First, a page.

Weightlifting Gloves, Straps, and Belts… Just for Show?

Jul 15 2010 |

“Manly” men think they’re for “girly” men.  My brother asked me once, “do those gloves and weightlifting belt actually do something for you, or do you just have those for show?”

I smiled.  Then I explained.

When I was asked that question umpteen times back in the day, when the “fitness craze” was just hitting full stride, I answered simply that “a girlfriend in the past had said the calluses on my hands were too rough, so she bought me a pair of gloves and asked me to wear them. “  And then I explained the other benefits.

Gloves help keep calluses from forming on your hands.  They also help you grip the bar, weights, machine handles, and everything else in the gym.  Dumbbells with knurled metal will tear your hands up, so a good weightlifting glove will save them, if not prevent calluses, completely.

While I’m at it, I may as well round out this short post by mentioning weightlifting straps, as well.  Arguments against are that your grip strength won’t be as good if you use them, because your hands and forearms won’t have to work as hard.  Well, I’ve had a disc slip in my lower lumbar when trying to get situated with 120 lb dumbbells on an incline bench.  I happened to forget my straps that day, and that was the last time I attempted to handle poundage like that without straps.  All it takes is the tiniest of miscues or slips.

Plus, you can always get another rep or three if you’re using straps on a lift that really utilizes grip strength.  Hanging wide grip chinups are a good example.  Your grip can be a limiting factor if your back is strong enough and is capable of doing more reps than your hand grip will allow.  Use straps and you can focus on your back, doing as many reps as possible that your back strength and endurance allow… not grip strength and endurance.  If I’m working my back, I want my back to fail, not my hands.  Same with every other muscle group.

And then there are weight-lifting belts.  They have their place.  For powerlifters, a necessity.  For others, depending, they can help, especially if you’re injured.  If you’re otherwise healthy and uninjured, I would suggest lifting without a weight-lifting belt, unless you’re lifting massive amounts of weight.  Then use one for those super heavy lifts, but not otherwise.  Your core, your abdominals… will work a bit more without a belt.  And your form will probably be better as a result.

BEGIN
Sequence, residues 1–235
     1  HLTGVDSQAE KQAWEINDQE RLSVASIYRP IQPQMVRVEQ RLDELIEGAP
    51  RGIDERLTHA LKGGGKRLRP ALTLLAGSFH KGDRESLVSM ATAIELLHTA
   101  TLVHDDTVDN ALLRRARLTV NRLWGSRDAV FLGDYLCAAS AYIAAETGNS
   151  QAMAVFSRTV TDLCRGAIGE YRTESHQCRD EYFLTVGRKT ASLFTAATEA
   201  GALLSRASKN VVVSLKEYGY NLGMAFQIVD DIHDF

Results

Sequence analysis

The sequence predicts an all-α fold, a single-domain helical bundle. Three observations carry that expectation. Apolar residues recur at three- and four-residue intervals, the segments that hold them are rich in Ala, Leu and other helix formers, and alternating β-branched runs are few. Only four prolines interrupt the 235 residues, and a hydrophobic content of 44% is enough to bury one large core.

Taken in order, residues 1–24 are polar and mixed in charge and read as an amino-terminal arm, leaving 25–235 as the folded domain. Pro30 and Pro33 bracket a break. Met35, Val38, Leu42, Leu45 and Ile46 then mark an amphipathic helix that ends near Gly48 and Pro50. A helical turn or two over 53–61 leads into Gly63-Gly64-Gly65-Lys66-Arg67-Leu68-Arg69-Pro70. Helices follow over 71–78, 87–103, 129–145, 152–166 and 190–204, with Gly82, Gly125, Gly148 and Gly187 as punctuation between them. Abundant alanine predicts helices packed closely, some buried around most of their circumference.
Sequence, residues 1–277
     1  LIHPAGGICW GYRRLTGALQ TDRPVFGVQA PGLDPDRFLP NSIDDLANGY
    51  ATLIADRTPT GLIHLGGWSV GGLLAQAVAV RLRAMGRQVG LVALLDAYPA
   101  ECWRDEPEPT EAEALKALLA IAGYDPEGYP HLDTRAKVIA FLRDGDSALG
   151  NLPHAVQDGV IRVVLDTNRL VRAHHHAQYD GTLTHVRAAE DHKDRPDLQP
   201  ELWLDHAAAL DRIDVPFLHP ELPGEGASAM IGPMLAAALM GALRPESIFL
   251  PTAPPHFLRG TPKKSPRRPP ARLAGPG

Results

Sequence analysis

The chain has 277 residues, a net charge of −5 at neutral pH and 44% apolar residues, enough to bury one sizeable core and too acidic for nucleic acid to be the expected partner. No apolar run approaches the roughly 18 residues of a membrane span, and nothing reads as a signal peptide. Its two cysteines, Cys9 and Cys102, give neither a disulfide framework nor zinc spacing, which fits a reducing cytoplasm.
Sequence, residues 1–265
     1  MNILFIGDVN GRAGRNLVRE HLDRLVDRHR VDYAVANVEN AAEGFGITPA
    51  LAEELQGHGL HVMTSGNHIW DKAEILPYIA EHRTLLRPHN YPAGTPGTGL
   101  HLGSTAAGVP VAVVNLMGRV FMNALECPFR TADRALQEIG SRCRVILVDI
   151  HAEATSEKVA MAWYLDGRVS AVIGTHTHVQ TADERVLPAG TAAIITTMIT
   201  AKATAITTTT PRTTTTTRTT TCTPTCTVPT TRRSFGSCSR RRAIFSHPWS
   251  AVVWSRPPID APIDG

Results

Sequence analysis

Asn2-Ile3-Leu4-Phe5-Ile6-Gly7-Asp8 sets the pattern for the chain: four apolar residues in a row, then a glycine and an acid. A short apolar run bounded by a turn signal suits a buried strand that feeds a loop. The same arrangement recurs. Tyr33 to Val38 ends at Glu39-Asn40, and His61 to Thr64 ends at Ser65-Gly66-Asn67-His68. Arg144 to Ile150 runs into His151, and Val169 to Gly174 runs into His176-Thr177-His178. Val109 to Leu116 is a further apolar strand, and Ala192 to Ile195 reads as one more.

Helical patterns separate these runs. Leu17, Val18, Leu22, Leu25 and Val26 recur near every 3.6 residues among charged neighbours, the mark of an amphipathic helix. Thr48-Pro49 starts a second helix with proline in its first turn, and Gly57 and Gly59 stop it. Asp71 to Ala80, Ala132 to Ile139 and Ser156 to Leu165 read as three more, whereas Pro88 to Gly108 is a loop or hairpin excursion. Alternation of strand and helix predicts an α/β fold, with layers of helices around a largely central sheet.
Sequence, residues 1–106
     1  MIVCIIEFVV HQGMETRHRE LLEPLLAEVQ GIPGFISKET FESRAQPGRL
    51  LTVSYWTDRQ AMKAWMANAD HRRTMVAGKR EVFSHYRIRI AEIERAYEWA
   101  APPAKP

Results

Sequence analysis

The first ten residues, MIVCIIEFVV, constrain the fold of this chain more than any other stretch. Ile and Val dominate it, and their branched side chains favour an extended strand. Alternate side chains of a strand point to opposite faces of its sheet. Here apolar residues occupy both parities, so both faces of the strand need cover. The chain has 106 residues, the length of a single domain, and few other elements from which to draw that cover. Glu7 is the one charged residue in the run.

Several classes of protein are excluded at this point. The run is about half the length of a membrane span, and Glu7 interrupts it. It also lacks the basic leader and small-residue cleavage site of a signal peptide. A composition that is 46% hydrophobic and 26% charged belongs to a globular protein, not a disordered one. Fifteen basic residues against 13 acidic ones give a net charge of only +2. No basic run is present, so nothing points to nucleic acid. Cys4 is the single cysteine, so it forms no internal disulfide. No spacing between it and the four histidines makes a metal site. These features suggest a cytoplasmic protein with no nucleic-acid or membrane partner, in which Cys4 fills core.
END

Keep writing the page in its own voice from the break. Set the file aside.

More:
But that’s just my take.  Opinions vary!    Try it both ways and let me know what YOU think!


Get Rid Of Acne… For Good!

Jul 11 2010 |

I was looking for my Clear Skin book to give to a friend, but I couldn’t find the damn thing. I searched for it on Amazon, Googled it… lots of alternatives, but not THAT book. So, I used my recollection of it, and typed out a long email. I decided to include it here, because one thing is for sure. Acne affects almost all of us at one time or another. And the treatment method laid out in that book was straightforward, simple, and gave amazing results!

Search for yourselves, but if you’re looking to get to the bottom line quickly, just read the following.

I think that this is definitively the best way of getting rid of acne and it’s remnants. Over-the-counter products, no “drugs”. I don’t think they work any better, anyway.

In my experience, I used a sulfur/salicylic acid combination cream that worked great for me. You can find it over-the-counter… either sulfur, salicylic acid, or benzoyl-peroxide based (or a combination) cream. You apply it morning and night. The key is to dry the skin and let it flake. Drying/Peeling agents are what does that. Apply it and let your skin dry out. Obviously, you apply it to the affected areas and don’t need it elsewhere. You can go hard core or slowly, using an oil-free lotion to keep the skin from looking too weird as it peels, but I went hard core, used lotion to keep it from looking like a lepur, and in about a month had it reversing direction.

It can really be dry, it can make your skin flaky, and make you think something may be wrong. But it’s supposed to be that way. Again, that’s going at it hard core. Obviously, if you immediately have a reaction to it, then you might be allergic to whatever you’re using. So once you’ve been using it for a few days or more, your skin dries out, begins to flake, you know it’s doing what it’s supposed to.

The thing that the book explains is that if you keep using the stuff, your skin (hair follicles, actually) will eventually (about a month) be in a constant state of peeling from beneath the skin. But you won’t be visibly flaking at that point. You scale back on the amount you use, but you still apply it morning and night. So you’ll have cleaned-out follicles instead of clogged follicles, and the problem won’t occur again as long as you keep it that way. As for the left-over skin condition from the problem up to now, I was amazed at the before/after photos… what appeared to be scarring due to acne, was cleared up completely. So there is more than just hope. I would say follow the protocol, and it will be cleared up… almost miraculously.

Note: the book described a lot about your hair follicles, bacteria clogging them up, different types of side-effects (pimples, blackheads, whiteheads, implosions, etc), and some science behind it all. But the treatment for all of those conditions was all the same.